But unlike access to medical care, where technological advances have dramatically increased the cost of access to state-of-the-art care (think MRI), access to scholarly articles has been reduced to essentially zero marginal cost, thanks to digital network technology (think hyperlink). In a world where the first-copy cost of publishing an article is essentially the entire cost, a business model for publishing that charges per article for article-processing services (the very services listed above) makes a lot of sense. It would in theory enable free and open access to articles while providing revenue to fund the important services that journals provide. The Public Library of Science journals are, of course, the flagship examples of journals using this business model. But there are several thousand other so-called open-access journals operating in all areas of scholarship. Although by definition they do not charge an access fee paid by or on behalf of a reader, they can still acquire revenue by charging an article processing fee paid by or on behalf of the author.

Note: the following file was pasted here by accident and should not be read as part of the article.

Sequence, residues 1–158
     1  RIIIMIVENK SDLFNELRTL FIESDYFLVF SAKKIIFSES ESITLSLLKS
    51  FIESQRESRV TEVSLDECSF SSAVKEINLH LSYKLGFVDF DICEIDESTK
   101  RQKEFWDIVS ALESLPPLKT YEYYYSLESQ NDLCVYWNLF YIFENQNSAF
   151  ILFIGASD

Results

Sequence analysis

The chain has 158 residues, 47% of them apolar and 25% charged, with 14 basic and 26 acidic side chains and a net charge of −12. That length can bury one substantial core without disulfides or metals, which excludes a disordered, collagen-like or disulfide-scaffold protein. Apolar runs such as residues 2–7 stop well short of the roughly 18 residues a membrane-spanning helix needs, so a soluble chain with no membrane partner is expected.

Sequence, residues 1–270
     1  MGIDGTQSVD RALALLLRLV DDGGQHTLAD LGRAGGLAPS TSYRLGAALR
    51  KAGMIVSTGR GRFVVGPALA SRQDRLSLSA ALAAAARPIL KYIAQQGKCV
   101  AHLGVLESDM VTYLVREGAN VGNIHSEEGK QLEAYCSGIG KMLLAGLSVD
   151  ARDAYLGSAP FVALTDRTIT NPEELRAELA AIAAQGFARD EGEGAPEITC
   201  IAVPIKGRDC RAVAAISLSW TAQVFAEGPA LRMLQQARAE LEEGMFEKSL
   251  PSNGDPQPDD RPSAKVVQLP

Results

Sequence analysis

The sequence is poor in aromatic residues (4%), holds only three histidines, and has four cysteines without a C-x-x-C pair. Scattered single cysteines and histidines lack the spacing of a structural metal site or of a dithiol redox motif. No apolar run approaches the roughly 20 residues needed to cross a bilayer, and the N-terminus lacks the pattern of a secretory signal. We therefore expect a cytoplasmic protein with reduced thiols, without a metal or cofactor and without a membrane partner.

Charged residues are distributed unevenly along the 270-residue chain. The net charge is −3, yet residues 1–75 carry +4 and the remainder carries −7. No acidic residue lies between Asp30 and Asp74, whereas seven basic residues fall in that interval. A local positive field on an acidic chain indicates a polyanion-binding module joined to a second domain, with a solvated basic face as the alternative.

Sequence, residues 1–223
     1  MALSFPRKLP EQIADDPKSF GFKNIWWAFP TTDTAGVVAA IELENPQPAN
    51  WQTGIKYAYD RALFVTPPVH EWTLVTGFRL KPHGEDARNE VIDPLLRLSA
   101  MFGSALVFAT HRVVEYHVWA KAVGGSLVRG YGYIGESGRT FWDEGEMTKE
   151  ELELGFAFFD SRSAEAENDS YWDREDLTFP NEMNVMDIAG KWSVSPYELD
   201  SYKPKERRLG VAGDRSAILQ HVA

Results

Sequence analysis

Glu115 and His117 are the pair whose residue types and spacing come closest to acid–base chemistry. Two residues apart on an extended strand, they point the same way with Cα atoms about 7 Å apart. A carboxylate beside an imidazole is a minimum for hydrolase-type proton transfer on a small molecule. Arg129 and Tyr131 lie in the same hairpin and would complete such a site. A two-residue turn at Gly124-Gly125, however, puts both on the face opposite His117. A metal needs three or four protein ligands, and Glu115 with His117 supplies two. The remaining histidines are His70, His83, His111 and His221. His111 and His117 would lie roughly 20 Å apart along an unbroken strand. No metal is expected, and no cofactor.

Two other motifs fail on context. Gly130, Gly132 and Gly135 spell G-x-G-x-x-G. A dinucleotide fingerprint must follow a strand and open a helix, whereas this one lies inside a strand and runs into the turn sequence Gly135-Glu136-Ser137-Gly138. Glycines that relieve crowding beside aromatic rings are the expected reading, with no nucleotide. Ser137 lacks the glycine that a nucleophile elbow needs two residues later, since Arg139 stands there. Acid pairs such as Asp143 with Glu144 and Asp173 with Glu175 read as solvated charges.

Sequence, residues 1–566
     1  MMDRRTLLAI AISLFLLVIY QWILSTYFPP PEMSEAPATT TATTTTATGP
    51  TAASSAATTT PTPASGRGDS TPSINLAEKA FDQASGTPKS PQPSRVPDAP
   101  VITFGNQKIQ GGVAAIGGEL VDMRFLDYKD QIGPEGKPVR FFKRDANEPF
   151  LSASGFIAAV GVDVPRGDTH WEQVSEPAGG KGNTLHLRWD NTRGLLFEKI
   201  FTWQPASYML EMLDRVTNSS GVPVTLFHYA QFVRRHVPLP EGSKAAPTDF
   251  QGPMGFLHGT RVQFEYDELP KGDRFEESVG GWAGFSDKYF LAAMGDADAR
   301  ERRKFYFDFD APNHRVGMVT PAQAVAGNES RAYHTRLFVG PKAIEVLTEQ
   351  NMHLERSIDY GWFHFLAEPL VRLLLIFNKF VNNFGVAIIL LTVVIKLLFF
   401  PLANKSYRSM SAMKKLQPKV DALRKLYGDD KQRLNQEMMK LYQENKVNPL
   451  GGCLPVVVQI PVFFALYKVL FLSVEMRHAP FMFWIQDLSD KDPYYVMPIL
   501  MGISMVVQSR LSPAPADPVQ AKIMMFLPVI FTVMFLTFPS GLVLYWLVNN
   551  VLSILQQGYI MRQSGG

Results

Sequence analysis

In fact, only a minority of the extant open-access journals actually charge processing fees, as first confirmed by the Kaufman-Wills Group  and reconfirmed in various ways subsequently. Currently, fewer than 25% of the open-access journals in the Directory of Open Access Journals are listed as charging a publication fee, the remainder relying on other sources of direct or in-kind support. (Perhaps surprisingly, more than half of the subscription-based journals charge processing fees of one sort or another .) Nonetheless, processing fees are likely to be an important revenue model for open-access journals, as they scale beyond the tiny fraction of overall journals that they currently constitute; processing fees are the only revenue source that inherently scales directly with the publishing services provided by a journal. The importance of the processing-fee model can be seen in the fact that of the open-access journals of sufficient standing to have an Institute for Scientific Information (ISI) impact factor, the proportion charging processing fees rises above 50%.